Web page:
The Black Lives Matter movement has galvanized consumers and employees, demanding brands to identify and double-down on how they respond to racial injustice. Brands now look to move forward effectively in a way that provides empathy, earnestness and empowerment in their engagement with Black communities.
To help marketers navigate these challenges and lead with purpose, the global authority on marketing effectiveness, has released the WARC Guide to Brand activism in the Black Lives Matter era, compiling insights and learnings from prominent Black voices in the marketing community.
Guest editor Kai D. Wright, Columbia University Lecturer, Ogilvy Global Consulting Partner, Author and Founder of blacklist 100, comments: “From the streets to boardrooms, Black Lives Matter has unified consumers and employees in fighting racial inequity, demanding more accountability from CEOs, organizations, and brands themselves.
“In the next 30 years, 90% of the US population growth will come from minority audiences, including Black households. This Guide offers research, inspiration, and advice on how to exercise brand accountability. Ultimately, it is a quick-start foundation for ethically activating Black Lives Matter to be relevant among, and resonate with, diverse communities by creating a new growth imperative based on their empowerment.”
Cathy Taylor, US Commissioning Editor, WARC, says: “Research shows consumers are demanding brands respond in ways that go beyond donations. This is not just about changing messaging or momentary gestures, it is about the very core of the business ⧿ addressing challenges and taking the right steps to drive long term positive change.
“We are delighted to have worked with guest editor Kai and our many esteemed contributors in our quest to help businesses respond in authentic and meaningful ways to the BLM movement.”
Providing guidance for advertisers, agencies and media owners, the report features case studies from brands who’ve done it well – including, Procter & Gamble, Ford and Netflix – data on changing attitudes around Black Lives Matter, what consumers want brands to do, the internal work that brands have to do towards diversity, equity and inclusion, and how that affects marketing outcomes.
The eight key takeaways highlighted in WARC’s Guide to Brand activism in the Black Lives Matter era are:
- The US is moving toward a majority-minority culture
According to US Census data, in 2014 minorities made up 38% of the country, but by 2060 they will be in the majority at 56%. Marketers should no longer default to white culture. Non-US marketers should note the call for better representation is present in many markets, and lessons from the next wave of brand activism will be relevant globally.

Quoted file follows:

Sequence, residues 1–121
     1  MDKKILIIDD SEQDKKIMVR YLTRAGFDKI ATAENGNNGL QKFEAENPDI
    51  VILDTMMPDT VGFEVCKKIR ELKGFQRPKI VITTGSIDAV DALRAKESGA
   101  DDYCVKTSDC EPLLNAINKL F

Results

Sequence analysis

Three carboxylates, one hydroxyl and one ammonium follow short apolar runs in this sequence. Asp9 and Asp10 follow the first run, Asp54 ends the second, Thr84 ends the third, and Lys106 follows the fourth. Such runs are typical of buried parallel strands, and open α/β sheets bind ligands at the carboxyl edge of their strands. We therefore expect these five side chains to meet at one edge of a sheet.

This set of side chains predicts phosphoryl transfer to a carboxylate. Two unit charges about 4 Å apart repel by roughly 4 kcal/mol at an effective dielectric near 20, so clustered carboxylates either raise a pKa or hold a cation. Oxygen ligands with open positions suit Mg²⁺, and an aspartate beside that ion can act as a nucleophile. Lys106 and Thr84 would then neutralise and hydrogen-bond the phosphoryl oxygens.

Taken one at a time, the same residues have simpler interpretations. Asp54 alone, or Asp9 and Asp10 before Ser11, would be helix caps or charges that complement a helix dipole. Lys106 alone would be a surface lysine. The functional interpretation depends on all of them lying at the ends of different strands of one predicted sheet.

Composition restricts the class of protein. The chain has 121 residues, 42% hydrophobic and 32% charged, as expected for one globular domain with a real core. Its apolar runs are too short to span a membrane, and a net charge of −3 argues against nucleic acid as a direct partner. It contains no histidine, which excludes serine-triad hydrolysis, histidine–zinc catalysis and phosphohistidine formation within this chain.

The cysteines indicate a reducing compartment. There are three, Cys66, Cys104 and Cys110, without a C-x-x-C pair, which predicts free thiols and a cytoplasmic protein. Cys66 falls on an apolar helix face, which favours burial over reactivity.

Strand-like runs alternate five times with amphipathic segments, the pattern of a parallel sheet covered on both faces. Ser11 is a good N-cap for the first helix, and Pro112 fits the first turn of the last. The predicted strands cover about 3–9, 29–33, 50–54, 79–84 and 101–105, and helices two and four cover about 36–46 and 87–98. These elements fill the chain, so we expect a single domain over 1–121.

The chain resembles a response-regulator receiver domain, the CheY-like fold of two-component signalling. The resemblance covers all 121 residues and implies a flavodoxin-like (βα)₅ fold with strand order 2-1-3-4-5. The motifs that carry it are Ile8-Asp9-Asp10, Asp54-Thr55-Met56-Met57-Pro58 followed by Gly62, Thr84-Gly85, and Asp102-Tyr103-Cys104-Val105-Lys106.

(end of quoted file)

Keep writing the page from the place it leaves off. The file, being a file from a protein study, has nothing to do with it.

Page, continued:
- Black Lives Matter is bigger than messaging, affecting how brands operate internally and externally
It is not just a multicultural issue; it’s a human rights issue. And it’s not just about posting a black square in protest on Instagram. For some brands, confronting racial injustice is new territory, but other brands came prepared. What they share is a strong brand purpose and often a history of addressing social issues.
- Addressing racial injustice is a business imperative
More than a third of consumers have taken action based on a brand’s approach to combating racial injustice – and they influence others to act in the same way. Especially in younger demographics, people say they will vote with their wallets and voices in terms of what brands they purchase.
- Brands need to accept discomfort and be prepared for polarization in addressing racial inequities
Consumers firmly want brands to show solidarity but are torn as to what pace or scale. According to PSB Insights, there is clear polarization around how brands are seen as “responding to the current conversations and protests around racial injustice”.
- Ads that reflect diversity work
A global analysis of over 11,000 ads on Kantar’s Link platform showed ads are more likely to get viewers’ attention and be remembered if they feature people from diverse backgrounds. They’re more enjoyable and involving, and show sales benefits.
- A brand purpose, alone, is not enough
It only works when brands show true commitment and willingness to change. Visa, Levi’s and P&G are committing to diversity, equity, and inclusion (DEI). Visa is reviewing progress every quarter.
- Media budgeting is overwhelmingly skewed toward the general population
Only 6% of all US media spend of the total $480bn per year is geared toward minority groups. Brands need to act on bringing more equity to media investment.
- Consumers prefer concrete action
Consumers prefer community investments and internal diversity, over donations. Research by WARC and Wunderman Thompson shows that of 1,006 adults surveyed in the US from Sept 3-9, 47% of Black/African American versus 32% of the general population want brands to change current internal practices and policies.